Global change alters ecosystems and their functioning, and biotic interactions can either buffer or amplify such changes. We utilized a long‐term nitrogen (N) addition and species removal experiment in the Front Range of Colorado, USA to determine whether a codominant forb and a codominant grass, with different effects on nutrient cycling and plant community structure, would buffer or amplify the effects of simulated N deposition on soil bacterial and fungal communities. While the plant community was strongly shaped by both the presence of dominant species and N addition, we did not find a mediating effect of the plant community on soil microbial response to N. In contrast to our hypothesis, we found a decoupling of the plant and microbial communities such that the soil microbial community shifted under N independently of directional shifts in the plant community. These findings suggest there are not strong cascading effects of N deposition across the plant–soil interface in our system.
Species dominance and biodiversity in plant communities have received considerable attention and characterisation. However, species codominance, while often alleged, is seldom defined or quantified. Codominance is a common phenomenon and is likely to be an important driver of community structure, ecosystem function and the stability of both. Here we review the use of the term ‘codominance’ and find inconsistencies in its use, suggesting that the scientific community currently lacks a universal understanding of codominance. We address this issue by: (1) qualitatively defining codominance as mostly shared abundance that is distinctively isolated within a subset of a community, and (2) presenting a novel metric for quantifying the degree to which relative abundances are shared among a codominant subset of plant species, while also accounting for the remaining species within a plant community. Using both simulated and real‐world data, we then demonstrate the process of applying the codominance metric to compare communities and to generate a quantitatively defensible subset of species to consider codominant within a community. We show that our metric effectively distinguishes the degree of codominance between four types of grassland ecosystems as well as simulated ecosystems with varying degrees of abundance sharing among community members. Overall, we make more »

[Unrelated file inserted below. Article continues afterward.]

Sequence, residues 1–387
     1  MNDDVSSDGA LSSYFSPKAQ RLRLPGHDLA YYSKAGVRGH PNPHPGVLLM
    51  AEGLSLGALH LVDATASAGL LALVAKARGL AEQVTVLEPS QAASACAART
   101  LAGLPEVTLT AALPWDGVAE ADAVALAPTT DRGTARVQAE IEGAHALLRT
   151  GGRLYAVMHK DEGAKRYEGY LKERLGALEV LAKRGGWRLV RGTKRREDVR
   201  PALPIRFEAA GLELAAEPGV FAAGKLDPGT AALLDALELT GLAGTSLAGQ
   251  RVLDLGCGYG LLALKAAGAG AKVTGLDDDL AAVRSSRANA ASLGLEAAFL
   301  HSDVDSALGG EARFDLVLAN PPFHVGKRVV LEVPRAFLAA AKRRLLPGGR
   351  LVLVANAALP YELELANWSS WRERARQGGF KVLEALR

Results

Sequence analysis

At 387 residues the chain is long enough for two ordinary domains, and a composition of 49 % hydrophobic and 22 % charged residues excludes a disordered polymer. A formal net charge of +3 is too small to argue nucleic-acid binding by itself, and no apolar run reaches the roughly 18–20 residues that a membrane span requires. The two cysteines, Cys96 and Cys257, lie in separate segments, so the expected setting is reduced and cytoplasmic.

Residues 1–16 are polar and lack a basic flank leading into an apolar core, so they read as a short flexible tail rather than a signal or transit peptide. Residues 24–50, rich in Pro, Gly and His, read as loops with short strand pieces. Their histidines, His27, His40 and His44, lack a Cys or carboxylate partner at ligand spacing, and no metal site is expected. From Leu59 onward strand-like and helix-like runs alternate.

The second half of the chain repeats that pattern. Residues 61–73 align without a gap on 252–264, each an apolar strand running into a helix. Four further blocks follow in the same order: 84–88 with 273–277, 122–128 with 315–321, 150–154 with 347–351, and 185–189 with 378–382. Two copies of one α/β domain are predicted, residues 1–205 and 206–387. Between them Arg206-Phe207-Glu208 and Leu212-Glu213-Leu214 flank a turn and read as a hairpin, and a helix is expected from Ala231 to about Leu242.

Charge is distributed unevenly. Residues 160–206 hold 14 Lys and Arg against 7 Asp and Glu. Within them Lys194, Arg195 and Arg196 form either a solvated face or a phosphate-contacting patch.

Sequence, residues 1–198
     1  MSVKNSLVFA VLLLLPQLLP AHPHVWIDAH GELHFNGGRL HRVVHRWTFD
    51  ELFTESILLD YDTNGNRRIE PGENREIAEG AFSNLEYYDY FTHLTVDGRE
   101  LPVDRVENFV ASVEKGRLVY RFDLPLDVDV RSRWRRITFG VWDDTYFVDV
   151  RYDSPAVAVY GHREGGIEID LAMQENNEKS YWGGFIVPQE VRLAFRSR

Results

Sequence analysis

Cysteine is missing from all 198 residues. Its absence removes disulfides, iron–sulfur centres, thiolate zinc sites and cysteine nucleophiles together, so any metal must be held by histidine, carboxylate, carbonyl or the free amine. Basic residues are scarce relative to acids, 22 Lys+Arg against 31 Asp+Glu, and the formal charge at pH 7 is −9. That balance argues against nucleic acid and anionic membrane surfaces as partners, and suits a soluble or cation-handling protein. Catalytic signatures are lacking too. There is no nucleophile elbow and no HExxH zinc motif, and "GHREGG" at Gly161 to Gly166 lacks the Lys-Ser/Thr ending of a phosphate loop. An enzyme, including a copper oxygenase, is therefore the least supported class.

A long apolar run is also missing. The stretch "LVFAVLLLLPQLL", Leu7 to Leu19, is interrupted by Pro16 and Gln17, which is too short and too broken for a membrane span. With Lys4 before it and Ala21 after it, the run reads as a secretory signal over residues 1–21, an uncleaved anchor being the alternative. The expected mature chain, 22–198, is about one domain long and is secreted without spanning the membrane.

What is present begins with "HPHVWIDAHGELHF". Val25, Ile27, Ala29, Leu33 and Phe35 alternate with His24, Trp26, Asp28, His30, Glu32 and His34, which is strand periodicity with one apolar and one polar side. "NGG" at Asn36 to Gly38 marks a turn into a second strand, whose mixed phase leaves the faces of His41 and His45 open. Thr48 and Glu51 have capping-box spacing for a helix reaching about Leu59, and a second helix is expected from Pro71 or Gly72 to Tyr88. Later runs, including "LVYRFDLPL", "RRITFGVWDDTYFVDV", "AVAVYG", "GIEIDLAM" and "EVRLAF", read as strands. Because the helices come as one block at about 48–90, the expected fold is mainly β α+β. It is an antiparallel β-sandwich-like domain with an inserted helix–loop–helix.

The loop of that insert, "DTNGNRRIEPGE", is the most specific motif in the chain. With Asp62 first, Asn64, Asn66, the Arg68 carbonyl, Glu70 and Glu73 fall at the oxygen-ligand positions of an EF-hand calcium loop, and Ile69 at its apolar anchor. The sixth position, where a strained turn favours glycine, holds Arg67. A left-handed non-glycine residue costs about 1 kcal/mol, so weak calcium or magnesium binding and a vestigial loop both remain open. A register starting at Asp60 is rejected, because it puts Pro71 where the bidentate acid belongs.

- Award ID(s):
- Publication Date:
- NSF-PAR ID:
- Journal Name:
- New Phytologist
- Page Range or eLocation-ID:
- p. 1716-1730
- Sponsoring Org:
- National Science Foundation
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